BY VICTOR BHOROMA
The Zimbabwean economy is expected to register growth this year after two years of successive decline when currency changes, high inflation, extreme weather conditions and Covid-19 downturn wrecked the local business environment. The government expects the economy to grow by 7,4% (up from the 4,1% decline of 2020) buoyed by the good yields in the agriculture sector, stable energy supply and resilience from mineral and tobacco exports.
The current economic stability and partial dollarisation environment has been key in re-establishing the local credit market with banks increasingly lending in foreign currency and realising better revenues even in inflation adjusted terms.
Consumer demand has improved for the retailing sector, just as much as it has for the manufacturing sector. The real estate sector has witnessed significant levels of investment in the last six months due to its ability to get stable recurring income in foreign currency.
Despite the current stability anchored on partial dollarisation and money supply discipline, the economy remains fragile due to lack of sustainable reforms and pertinent governance concerns from investors and the business community. The following are some of the short-term risks that may derail economic stability.
Exchange market inefficiencies
Zimbabwe instituted the foreign exchange auction market in June 2020 and the platform has been pivotal in supplying foreign currency to formal businesses and providing a small measure of pricing stability. In the first quarter of 2021, the auction market has allotted over US$420 million in foreign currency to local producers with most of the funds going towards the importation of raw materials, machinery and equipment, chemicals, and other industrial consumables.
However, there have been delays in the settlement of winning bids with backlogs running as far as two months in some instances. These backlogs provide a lifeline to the parallel market. Similarly, the spread between the soft pegged auction market rate and parallel market rate is now wide with the former at US$1: ZW$84,65 while the latter is trading at US$1: ZW$130.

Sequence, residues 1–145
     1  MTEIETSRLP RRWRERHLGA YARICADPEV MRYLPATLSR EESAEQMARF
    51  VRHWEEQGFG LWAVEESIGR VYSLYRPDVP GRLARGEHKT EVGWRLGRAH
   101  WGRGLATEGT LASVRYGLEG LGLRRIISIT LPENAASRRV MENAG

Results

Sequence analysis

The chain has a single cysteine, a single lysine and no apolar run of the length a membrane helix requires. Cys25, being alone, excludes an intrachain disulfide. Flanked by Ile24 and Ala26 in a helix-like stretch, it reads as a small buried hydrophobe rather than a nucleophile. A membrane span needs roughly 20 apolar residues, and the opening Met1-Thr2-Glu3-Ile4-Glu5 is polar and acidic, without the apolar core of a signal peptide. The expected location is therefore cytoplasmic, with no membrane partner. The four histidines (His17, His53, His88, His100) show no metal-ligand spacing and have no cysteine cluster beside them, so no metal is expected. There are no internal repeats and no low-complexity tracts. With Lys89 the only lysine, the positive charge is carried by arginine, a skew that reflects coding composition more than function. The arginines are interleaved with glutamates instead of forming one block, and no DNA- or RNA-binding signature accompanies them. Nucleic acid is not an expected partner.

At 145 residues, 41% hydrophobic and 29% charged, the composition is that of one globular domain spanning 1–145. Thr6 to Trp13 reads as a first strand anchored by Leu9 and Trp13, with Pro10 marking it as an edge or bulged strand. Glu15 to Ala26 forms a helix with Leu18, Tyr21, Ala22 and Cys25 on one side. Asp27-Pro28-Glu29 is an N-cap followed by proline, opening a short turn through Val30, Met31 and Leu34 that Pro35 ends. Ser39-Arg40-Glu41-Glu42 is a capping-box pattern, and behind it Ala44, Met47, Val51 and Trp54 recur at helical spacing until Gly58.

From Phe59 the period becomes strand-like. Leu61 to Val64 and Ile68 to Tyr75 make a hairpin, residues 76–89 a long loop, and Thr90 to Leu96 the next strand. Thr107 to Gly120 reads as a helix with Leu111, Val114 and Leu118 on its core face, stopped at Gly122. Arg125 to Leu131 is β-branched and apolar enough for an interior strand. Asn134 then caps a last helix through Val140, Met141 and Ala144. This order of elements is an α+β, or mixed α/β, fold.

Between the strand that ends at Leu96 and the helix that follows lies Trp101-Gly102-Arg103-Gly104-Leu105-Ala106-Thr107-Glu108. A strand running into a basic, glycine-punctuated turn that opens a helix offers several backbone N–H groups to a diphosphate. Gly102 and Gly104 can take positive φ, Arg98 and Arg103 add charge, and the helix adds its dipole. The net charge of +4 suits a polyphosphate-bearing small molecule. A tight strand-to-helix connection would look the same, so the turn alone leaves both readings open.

The spread is creating a fertile ground for market instability in the short-to-medium term as it creates unhealthy arbitrage opportunities on the pricing of entirely imported major commodities such as fuel, electricity, wheat and soya. This has seen the emergence of fuel queues on service stations which sell the liquid gold in local currency.
The power utility (Zesa) will soon be forced to review electricity prices to factor in the changes in exchange rate. Pricing of agriculture commodities and formal delivery of gold have become compromised as well. The spread also means that millions in foreign currency continue to circulate in the informal sector since the formal exchange rate does not reflect the accepted free market dynamics.
To manage this, the government needs to allow the auction rate to be market determined while a sustainable plan needs to be instituted to ensure the country moves to a managed floating exchange rate as is the case with several African countries with comparable economies and balance of trade positions.
Heightened mineral smuggling
Gold has lost its top spot of being Zimbabwe’s most valuable export to nickel mattes which accounted for US$985 million in export earnings in 2020, with gold coming in second at US$982 million. However, gold exports remain very key to the country’s foreign currency earnings and economic stability.
The official export figure remains a pale shadow of the over US$1,5 billion which was illegally exported by known syndicates to South Africa and United Arab Emirates (UAE) among other destination markets. Gold deliveries to the central bank fell from 27,66 tonnes achieved in 2019 to 19,05 realised in 2020 largely because of well-oiled smuggling rings and systematic corruption in the production value chain.
Small-Scale and Artisanal Miners sold only 9,35 tonnes last year compared with 17,48 tonnes in 2019. The major reasons for the fall in deliveries were to do with delays in payments by the central bank and differences in prices offered for spot gold by parallel market buyers and by the government.